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Ebola Outbreak 2014: The Basics and What It All Means


WRITTEN BY: UPMC
Thursday, August 14th, 2014

In recent weeks, the global medical community has focused its attention on West Africa, the source of the most recent Ebola outbreak. The origin of this outbreak can be traced to the nations of Guinea and Liberia, and with a fatality rate of up to 65 percent in this outbreak, the disease has become a concern around the world.

The Centers for Disease Control and Prevention (CDC) issued a travel alert discouraging non-essential personnel from visiting the affected region until the disease can be more appropriately managed. The current strain has infected more than 1,000 people while the death toll extends beyond 800.

The first documented outbreak was in Sudan in 1976, and the current outbreak strain is the strongest and most dangerous. The table below, prepared by the World Health Organization (WHO), details the more recent outbreaks, their sources, and statistics of those affected.

Year Country Ebolavirus species Cases Deaths Case fatality

2012

Democratic Republic of Congo Bundibugyo

57

29

51%

2012

Uganda Sudan

57%

2012

Uganda Sudan

24

17

71%

2011

Uganda Sudan

100%

2008

Democratic Republic of Congo Zaire

32

14

44%

2007

Uganda Bundibugyo

149

37

25%

2007

Democratic Republic of Congo Zaire

264

187

71%

2005

Congo Zaire

12

10

83%

2004

Sudan Sudan

17

41%

What Is Ebola?

According to the WHO, Ebola is “a severe acute viral illness” that causes a severe infection of multiple organ systems. In some cases bleeding inside and outside of the body can ensue—placing Ebola, short for Ebola virus disease (EVD), in the category of viral hemorrhagic fevers. Other viral hemorrhagic fevers include Lassa Fever, Yellow Fever, Marburg, and Crimean-Congo Hemorrhagic Fever.

Ebola has a very high fatality rate that can reach 90 percent in some instances.

Ebola symptoms

The WHO says that symptoms of ebola can appear suddenly and include:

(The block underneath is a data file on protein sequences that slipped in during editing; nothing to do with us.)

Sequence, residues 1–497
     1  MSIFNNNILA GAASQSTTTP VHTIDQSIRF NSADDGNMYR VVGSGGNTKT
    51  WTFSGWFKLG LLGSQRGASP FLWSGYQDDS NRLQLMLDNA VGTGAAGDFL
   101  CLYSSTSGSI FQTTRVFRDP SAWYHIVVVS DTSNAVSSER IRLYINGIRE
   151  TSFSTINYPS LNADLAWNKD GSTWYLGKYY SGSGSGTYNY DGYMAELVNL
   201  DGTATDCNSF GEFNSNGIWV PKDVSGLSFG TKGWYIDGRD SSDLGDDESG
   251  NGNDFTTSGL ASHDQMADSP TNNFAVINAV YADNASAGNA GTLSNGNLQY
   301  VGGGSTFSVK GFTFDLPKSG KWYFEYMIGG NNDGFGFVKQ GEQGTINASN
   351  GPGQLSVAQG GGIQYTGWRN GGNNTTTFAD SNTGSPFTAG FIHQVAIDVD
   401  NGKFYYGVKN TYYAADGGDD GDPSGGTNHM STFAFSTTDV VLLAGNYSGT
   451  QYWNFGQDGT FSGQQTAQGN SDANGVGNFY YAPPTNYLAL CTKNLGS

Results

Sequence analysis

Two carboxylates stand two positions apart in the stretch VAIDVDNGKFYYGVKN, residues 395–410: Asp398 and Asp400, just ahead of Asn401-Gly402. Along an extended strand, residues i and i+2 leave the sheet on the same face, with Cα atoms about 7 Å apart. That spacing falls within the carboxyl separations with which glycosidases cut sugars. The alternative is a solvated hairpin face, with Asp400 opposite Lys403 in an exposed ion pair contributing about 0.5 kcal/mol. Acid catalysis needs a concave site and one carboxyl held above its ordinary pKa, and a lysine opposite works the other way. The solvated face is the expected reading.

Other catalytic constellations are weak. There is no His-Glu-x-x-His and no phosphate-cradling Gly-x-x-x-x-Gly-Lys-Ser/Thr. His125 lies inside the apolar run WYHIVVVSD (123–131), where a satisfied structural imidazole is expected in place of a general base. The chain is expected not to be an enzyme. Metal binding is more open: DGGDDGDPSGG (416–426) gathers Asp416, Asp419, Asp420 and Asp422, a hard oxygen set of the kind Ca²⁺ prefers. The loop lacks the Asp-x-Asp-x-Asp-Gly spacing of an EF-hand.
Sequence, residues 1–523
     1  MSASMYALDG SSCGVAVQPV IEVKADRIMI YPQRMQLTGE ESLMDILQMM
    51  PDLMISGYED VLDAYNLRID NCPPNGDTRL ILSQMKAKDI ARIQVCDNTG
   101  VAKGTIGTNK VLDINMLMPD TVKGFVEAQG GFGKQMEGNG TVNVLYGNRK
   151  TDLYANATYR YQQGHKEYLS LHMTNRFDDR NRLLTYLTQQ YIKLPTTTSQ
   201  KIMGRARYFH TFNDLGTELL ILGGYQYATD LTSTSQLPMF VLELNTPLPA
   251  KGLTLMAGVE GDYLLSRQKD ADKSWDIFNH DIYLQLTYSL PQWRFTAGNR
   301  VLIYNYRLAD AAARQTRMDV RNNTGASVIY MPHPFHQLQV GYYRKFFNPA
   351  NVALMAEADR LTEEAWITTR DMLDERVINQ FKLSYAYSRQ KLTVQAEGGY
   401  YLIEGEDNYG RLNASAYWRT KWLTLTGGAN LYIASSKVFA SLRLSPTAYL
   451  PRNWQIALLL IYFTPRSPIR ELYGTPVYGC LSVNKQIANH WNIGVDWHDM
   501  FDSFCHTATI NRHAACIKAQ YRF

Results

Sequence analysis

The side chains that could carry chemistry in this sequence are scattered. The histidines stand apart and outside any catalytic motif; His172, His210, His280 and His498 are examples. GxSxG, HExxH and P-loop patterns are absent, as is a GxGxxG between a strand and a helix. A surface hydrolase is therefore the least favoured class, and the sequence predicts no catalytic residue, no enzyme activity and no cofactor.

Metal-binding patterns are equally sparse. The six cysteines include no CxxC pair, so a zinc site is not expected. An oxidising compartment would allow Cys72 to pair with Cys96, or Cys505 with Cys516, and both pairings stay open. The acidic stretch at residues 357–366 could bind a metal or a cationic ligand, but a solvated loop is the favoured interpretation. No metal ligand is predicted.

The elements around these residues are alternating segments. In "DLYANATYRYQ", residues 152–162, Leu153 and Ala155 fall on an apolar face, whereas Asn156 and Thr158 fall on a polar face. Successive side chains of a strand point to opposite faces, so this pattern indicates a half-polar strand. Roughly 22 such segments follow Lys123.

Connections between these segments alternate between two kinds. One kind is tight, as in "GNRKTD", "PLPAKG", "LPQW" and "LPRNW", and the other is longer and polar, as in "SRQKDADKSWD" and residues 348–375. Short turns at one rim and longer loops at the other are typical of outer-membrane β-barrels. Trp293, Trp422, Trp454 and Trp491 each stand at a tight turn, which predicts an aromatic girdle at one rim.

In time, these primary symptoms can progress to include:

  • Vomiting
  • Diarrhea
  • Impaired kidney and liver functioning
  • Internal and external bleeding

The incubation period for Ebola is anywhere from two to 21 days (three weeks), and laboratory testing is used to confirm a diagnosis of the disease.

Ebola transmission

Ebola or EVD, can appear in humans following contact with infected animals such as, fruit bats, monkeys, pigs, apes, and others. Humans can transfer the disease to each other through direct contact with blood and other bodily fluids or objects such as needles that may contain infectious materials. Ebola is not spread through the air like a cold or the flu, but those infected can transmit the disease for as long as blood and secretions contain the virus, and the disease remains present and can spread to others even after death.

Amesh Adalja, MD, an infectious disease physician at UPMC, believes that the United States and other nations with advanced heath care systems should be aware of Ebola but not worry about the spread of it in the general population. Ordinary infection control procedures can isolate the disease before it is able to infect citizens who have not previously been exposed to the infected blood or bodily fluids.

Ebola cures or vaccinations

There is no cure or vaccine for Ebola; however, research and testing continues and a promising vaccine and treatment is on the horizon. Treatments for Ebola include supportive therapies such as intravenous (IV) fluids, fever control, and ICU-level care which can manage symptoms of the disease.

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